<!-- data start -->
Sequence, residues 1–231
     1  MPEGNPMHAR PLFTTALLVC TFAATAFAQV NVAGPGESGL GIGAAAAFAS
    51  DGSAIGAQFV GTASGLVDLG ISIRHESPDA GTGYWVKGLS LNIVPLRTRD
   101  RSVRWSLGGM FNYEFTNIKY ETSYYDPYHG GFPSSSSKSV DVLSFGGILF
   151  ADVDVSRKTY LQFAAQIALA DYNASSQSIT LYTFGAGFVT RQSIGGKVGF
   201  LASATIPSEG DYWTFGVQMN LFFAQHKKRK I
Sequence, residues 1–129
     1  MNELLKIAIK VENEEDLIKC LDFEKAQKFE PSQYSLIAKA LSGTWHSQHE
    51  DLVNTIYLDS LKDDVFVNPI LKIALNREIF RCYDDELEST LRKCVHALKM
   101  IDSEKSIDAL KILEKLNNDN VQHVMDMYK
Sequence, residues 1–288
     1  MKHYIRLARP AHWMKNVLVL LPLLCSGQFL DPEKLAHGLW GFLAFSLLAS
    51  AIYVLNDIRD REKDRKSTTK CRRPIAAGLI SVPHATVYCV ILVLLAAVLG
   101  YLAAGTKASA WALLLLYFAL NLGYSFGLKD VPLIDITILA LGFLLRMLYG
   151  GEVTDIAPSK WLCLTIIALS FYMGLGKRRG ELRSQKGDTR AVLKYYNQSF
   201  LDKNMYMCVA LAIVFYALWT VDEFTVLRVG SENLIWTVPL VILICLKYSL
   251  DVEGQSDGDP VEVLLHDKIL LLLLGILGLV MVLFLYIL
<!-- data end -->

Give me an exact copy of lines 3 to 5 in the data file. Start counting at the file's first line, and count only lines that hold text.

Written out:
    51  DGSAIGAQFV GTASGLVDLG ISIRHESPDA GTGYWVKGLS LNIVPLRTRD
   101  RSVRWSLGGM FNYEFTNIKY ETSYYDPYHG GFPSSSSKSV DVLSFGGILF
   151  ADVDVSRKTY LQFAAQIALA DYNASSQSIT LYTFGAGFVT RQSIGGKVGF